15. In the gasoline-fueled Onan generators that are alternating current generators that is also true. An Onan tech told me that moisture in the generator windings is the chief cause of generator failure. I suspect that is probably also true for diesel-powered inverter generators.
  16. I tend to agree with your view on changing RVs. We bought our first one when it was very used and very cheap to see if we could justify the expense based on use. We had been tenting for about 5 years and the first RV wasn't much more than a tent with wheels. We used it for only 2 seasons then traded up for a much larger and better-equipped pop-up which we bought new and kept for 9 seasons and sold it for about 60% of what we paid for it. By then our boys were getting older so we changed to a self-contained travel trailer. Over the years we have averaged keeping our RVs for just short of 8 years but if we take out the first one it then averages 9 years, thus far. We have had our current travel trailer since 2012 and have no plans to change. It may quite likely be our last RV. The longest that we ever kept an RV was our fulltime RV home which we kept for 14 years.
  17. It is an alert that they probably do have one. Neither being a grandpa or a retired cop lessen that likelihood.
  18. Unfortunately, far too few motorcycle riders do their part. If the motorcyclist can't see the mirrors of the car, that driver can't see him/her. And far too many of them do not wear appropriate safety gear. I still don't understand why it is that the federal highway laws can tell the drivers of steel cocoons (cars) that they must have air-bags and wear seat-belts, while the motorcyclists usually revolt at any state that requires them to wear only a helmet! I have learned that the lack of a helmet is the first warning of a biker with an attitude. And then there is what motorcyclists like to call lane splitting!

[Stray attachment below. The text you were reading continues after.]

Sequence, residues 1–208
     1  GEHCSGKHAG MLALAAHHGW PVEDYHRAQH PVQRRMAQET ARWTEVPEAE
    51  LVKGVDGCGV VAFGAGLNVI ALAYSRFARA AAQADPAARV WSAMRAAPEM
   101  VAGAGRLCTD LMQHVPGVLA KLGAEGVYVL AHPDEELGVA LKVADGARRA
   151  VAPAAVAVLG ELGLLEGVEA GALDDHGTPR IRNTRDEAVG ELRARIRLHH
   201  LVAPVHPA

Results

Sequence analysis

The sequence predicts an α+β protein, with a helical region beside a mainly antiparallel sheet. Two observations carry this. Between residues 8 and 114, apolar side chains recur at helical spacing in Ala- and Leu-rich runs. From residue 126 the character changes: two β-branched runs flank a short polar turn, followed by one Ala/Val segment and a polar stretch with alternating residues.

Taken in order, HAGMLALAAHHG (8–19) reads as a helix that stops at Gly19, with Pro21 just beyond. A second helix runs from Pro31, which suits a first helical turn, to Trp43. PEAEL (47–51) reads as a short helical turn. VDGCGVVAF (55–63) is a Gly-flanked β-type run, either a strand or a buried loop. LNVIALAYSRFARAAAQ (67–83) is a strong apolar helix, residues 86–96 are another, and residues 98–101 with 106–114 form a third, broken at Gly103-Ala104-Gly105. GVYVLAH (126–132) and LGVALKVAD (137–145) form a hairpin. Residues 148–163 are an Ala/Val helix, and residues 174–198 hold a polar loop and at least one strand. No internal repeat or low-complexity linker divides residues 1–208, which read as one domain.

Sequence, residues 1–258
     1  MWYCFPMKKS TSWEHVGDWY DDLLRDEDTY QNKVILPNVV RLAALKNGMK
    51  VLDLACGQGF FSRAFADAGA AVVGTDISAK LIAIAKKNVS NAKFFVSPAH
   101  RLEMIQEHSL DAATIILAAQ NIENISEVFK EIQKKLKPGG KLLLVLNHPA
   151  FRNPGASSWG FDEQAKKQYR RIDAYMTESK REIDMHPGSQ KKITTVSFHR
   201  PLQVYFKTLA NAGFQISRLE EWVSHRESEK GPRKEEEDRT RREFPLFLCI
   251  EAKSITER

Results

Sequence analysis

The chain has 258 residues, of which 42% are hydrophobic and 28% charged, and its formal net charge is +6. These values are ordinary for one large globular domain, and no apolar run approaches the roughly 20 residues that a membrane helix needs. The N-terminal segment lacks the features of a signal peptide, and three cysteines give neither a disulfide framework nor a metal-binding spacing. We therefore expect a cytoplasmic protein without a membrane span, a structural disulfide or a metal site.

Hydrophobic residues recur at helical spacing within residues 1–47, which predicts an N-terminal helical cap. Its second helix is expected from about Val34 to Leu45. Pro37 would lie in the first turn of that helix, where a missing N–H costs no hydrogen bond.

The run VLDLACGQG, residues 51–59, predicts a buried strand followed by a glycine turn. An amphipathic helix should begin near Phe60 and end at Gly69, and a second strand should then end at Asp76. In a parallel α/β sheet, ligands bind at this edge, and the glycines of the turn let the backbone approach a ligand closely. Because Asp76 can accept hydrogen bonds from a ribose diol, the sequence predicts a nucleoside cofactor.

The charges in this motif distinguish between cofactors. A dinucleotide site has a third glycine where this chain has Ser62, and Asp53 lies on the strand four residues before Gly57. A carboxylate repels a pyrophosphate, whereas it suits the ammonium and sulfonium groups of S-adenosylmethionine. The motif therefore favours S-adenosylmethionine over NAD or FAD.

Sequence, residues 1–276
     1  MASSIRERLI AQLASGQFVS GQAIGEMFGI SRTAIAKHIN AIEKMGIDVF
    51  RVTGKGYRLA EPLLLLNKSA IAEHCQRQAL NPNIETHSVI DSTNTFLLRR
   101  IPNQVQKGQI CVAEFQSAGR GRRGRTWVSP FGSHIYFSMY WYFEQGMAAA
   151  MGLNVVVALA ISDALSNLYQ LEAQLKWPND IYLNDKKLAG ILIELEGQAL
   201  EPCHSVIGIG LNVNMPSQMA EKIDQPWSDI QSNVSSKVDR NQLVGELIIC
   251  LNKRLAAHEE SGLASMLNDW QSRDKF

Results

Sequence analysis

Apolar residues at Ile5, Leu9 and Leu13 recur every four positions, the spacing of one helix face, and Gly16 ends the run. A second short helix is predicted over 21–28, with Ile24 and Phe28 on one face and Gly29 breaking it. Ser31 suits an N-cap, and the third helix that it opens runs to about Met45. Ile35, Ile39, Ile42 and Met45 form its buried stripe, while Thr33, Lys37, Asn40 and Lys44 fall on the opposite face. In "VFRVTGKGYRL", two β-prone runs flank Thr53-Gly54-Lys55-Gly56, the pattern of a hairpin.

19. Our Medicare supplement premiums for 2 people total more than $4,000 per year but we have an HRA from my former employer that pays most of that. The $3000 of vangophotos can't be any health insurance that I know of unless he has coverage provided from some other source. But "GR Scott" doesn't list any health expenses at all.
  20. When you look at the poll numbers, remember that the poll was taken 4+ years ago.
  21. Take your time! Whatever you do, don't allow some salesperson to pressure you into a purchase before you are ready. And don't feel that you have to spend all of your money as you may need a nest egg somewhere down the road.
  22. I believe that most fulltime RV owners only have 1 family living in the RV home. As you look at the choices, which one most closely matches your situation? Just 1 family in an RV that is not temporary.
  23. I suspect that the use of "creek water" in your tank probably plays a part in this.
  24. If I understand the filter you were changing was on the downstream side of the pump so the pump acted as a valve to prevent the tank from emptying but the water came from the water heater & sink side back through the lines into the place where the filter had been. If that is correct then the water heater being full would have had an air bubble in the top of it that maintained pressure and so caused water to backflow through the place where the filter was. If I am correct on what happened, the next time you need to turn off the water heater and then with the pump off, open a faucet or two to relieve the pressure from the water system before you begin. I would also leave that faucet open until finished, then close it and turn on the pump. Once the pump stops running you turn the water heater on again.